Over the last two years, the Miami Heat have stared down so many defining moments. So many tests. So many games that, if the Heat had lost, questions would've inevitably arisen about the very core of this team.
It started earlier than expected last year, with Miami facing the possibility of going down 3-1 against the Indiana Pacers during the second round. LeBron James and Dwyane Wade -- coming off his worst career playoff performance and a well-publicized spat with Erik Spoelstra -- dominated the second half of Game 4, and Udonis Haslem made four clutch jumpers in the final six minutes to stave off Indiana. The Heat players then found themselves down 3-2 to the Boston Celtics in the Eastern Conference Finals. But James went into the Celtics' house and played one of his best games ever, going an unreal 19-of-26 from the field for 45 points and 15 rebounds to force a decisive Game 7. Miami and Boston were tied after three quarters in that Game 7; plays like this deep James 3-pointer helped the Heat advance to the Finals.
The Indiana Pacers took Miami to seven games in the last round. With their season on the line, the Heat put together a masterful performance on both ends of the courts to dispose of the Pacers in blowout fashion and advance to the Finals for the third consecutive time. The Heat have faced two such tests in this series. The first one came in Game 4, with the Heat needing to avoid falling into a 3-1 hole against the San Antonio Spurs. Reminiscent of the 2012 Game 4 second-round series against the Pacers, James and Wade each scored more than 30 points. Chris Bosh added 20 points and 13 rebounds for Miami to tie the series.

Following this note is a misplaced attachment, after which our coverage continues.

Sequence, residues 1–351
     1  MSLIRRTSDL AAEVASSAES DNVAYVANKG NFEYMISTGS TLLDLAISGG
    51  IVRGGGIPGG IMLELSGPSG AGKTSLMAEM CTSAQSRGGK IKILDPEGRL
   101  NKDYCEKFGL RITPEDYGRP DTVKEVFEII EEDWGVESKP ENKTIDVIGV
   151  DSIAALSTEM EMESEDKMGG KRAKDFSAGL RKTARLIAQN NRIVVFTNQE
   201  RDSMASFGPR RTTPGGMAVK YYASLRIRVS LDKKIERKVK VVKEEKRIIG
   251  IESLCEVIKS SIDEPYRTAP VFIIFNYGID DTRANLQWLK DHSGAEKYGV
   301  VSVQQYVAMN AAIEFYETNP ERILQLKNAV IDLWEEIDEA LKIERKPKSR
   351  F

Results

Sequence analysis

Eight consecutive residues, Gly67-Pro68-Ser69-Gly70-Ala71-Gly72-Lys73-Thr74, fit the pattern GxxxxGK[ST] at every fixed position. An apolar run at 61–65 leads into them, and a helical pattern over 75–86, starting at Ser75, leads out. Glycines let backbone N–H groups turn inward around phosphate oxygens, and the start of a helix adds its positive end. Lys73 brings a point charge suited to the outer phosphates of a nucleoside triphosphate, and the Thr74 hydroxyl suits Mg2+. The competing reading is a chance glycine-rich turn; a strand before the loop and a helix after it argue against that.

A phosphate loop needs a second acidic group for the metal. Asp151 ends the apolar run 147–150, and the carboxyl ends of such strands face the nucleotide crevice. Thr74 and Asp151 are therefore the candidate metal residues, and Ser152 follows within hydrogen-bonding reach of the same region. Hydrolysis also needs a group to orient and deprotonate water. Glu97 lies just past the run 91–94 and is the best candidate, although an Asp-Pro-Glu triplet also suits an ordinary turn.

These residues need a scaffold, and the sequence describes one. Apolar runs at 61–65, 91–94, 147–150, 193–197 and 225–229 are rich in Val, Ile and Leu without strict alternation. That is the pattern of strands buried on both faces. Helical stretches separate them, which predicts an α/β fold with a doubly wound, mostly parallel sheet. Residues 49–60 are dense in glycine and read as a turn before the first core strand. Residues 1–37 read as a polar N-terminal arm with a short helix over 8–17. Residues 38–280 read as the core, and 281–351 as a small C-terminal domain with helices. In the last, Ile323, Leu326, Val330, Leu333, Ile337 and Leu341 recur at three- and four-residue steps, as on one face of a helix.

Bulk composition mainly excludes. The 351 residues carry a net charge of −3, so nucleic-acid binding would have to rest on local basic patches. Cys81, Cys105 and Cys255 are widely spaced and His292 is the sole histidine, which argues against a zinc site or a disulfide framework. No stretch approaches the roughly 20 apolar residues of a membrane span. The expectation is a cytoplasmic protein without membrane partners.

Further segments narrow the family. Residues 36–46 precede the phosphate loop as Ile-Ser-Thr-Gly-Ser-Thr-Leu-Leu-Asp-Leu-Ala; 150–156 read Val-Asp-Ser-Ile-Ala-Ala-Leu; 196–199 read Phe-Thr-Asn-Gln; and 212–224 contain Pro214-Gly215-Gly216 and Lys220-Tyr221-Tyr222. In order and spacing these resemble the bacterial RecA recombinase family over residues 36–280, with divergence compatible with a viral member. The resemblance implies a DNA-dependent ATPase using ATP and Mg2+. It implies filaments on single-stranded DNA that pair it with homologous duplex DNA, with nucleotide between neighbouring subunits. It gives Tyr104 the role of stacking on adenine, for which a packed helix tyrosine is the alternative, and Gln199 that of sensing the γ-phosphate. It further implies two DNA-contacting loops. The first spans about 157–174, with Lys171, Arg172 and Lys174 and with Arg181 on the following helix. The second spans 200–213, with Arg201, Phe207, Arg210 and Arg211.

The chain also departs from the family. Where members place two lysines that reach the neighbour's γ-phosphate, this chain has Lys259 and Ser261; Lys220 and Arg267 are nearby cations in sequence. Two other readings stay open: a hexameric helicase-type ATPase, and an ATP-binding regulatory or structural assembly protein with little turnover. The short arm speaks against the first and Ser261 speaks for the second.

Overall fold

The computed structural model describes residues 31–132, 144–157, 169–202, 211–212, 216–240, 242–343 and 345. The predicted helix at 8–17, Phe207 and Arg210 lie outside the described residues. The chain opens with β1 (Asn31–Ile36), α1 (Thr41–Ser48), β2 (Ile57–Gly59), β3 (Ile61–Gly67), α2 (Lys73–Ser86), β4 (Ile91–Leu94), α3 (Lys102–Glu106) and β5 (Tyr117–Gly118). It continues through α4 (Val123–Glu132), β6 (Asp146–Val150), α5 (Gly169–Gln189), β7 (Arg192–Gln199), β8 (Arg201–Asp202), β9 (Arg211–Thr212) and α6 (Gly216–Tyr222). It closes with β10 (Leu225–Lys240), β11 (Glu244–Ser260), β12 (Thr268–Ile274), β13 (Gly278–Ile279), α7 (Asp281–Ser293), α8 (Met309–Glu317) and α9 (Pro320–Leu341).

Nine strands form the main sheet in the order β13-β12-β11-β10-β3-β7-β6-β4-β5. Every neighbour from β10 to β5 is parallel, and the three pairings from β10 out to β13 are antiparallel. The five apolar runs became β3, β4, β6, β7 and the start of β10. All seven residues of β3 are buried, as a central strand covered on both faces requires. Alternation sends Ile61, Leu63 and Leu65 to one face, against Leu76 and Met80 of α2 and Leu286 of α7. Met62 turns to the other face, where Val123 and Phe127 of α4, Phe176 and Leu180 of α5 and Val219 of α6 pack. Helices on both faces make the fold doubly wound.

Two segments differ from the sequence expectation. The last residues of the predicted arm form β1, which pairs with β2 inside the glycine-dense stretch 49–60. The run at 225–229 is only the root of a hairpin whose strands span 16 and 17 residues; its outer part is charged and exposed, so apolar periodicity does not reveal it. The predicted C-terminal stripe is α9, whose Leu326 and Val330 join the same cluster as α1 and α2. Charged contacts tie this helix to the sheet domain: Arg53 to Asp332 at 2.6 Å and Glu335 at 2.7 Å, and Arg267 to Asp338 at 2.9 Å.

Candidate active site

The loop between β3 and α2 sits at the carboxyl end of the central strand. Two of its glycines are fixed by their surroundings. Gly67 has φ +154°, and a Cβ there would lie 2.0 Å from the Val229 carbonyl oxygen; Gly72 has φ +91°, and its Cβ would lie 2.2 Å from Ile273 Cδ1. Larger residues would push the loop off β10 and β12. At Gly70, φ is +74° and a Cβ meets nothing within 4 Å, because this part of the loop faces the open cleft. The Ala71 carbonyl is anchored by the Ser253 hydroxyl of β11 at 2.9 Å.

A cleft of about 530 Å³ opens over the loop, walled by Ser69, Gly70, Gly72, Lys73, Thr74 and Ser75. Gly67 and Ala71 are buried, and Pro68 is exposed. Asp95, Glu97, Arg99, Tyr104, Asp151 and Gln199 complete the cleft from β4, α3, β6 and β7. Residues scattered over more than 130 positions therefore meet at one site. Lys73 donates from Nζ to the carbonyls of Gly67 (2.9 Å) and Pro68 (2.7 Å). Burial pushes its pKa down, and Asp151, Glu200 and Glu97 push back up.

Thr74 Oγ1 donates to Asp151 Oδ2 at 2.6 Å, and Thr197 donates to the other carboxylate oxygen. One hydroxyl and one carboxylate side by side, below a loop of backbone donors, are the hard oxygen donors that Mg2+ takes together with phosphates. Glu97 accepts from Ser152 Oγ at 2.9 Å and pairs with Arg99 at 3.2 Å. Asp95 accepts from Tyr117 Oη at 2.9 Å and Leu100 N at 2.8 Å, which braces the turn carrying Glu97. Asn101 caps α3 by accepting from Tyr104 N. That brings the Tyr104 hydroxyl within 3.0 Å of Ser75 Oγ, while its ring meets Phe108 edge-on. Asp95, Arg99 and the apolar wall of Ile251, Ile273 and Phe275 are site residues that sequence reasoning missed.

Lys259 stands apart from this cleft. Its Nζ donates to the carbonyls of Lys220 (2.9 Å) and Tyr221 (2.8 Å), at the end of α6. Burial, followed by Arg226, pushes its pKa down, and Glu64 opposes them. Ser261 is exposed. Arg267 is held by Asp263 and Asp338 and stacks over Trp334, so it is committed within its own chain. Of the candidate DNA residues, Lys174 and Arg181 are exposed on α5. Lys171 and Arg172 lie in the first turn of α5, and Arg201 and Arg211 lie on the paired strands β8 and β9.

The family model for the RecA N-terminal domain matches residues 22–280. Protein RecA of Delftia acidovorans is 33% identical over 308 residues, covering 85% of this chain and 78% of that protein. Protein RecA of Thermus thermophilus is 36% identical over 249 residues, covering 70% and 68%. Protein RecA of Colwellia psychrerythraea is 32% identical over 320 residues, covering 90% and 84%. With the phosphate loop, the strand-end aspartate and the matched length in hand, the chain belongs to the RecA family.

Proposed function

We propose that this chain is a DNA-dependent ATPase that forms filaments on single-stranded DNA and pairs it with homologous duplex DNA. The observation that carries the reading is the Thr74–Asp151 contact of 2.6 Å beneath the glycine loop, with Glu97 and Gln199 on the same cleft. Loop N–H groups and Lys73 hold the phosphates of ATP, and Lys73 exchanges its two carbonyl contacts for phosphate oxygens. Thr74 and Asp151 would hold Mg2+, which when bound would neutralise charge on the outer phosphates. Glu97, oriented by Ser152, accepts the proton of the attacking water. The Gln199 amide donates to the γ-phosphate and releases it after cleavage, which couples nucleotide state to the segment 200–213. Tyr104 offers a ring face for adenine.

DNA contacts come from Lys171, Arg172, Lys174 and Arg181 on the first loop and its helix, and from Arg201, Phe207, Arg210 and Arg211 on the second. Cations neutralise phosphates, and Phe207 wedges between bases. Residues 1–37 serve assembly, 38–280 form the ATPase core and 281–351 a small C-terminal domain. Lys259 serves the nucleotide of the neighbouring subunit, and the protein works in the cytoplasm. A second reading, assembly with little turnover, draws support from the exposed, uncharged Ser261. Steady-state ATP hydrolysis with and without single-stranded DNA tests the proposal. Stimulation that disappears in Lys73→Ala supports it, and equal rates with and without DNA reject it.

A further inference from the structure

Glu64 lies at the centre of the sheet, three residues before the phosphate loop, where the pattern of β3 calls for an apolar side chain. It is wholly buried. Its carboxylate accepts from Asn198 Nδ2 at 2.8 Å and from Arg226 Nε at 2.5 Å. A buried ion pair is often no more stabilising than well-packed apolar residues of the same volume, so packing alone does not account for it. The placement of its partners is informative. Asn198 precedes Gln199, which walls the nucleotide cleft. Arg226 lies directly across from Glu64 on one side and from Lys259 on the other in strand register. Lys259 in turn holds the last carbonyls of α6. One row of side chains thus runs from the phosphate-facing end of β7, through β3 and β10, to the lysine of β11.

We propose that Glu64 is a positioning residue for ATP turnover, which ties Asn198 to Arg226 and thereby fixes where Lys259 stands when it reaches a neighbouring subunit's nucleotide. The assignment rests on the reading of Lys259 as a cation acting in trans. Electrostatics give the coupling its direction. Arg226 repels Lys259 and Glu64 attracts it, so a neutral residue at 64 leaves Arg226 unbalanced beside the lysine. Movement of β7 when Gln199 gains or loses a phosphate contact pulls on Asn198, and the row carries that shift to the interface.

And Miami's last test came Tuesday night. Somehow, the Heat overcame a 13-point deficit late in the third quarter and three turnovers in the last 90 seconds. Miami was down by five with 28 seconds left, but came up with offensive rebounds on consecutive possessions to knock down two 3s. The second one came with just 5.2 seconds left in regulation, effectively saving the Heat's season. After saying that Danny Green wouldn't be open in Game 6, Bosh blocked a desperation heave from Green as time expired in overtime.
Again and again, the Heat players have found themselves on the ropes. And again and again, they respond. Thursday night, the Heat have one last test for the season. One game will determine whether the Heat players are back-to-back champions or a team that has lost in two of the last three Finals. A Miami win would cement the this incarnation of the Heat as a truly resilient team, one that always finds its way out of danger. It would validate the 27-game win streak and begin discussions of where the 2012-13 Heat group ranks as one of the all-time great teams. But so much hinges on this 48-minute game. Enjoy it.